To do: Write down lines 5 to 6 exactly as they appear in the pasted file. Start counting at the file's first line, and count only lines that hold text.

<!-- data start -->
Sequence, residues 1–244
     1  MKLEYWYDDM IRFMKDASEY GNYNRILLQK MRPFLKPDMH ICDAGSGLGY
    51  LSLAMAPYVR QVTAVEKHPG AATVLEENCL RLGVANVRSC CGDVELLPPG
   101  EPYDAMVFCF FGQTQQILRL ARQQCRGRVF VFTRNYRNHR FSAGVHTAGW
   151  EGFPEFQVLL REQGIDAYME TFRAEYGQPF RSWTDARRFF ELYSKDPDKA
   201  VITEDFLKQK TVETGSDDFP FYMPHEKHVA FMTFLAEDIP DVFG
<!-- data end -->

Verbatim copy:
   151  EGFPEFQVLL REQGIDAYME TFRAEYGQPF RSWTDARRFF ELYSKDPDKA
   201  VITEDFLKQK TVETGSDDFP FYMPHEKHVA FMTFLAEDIP DVFG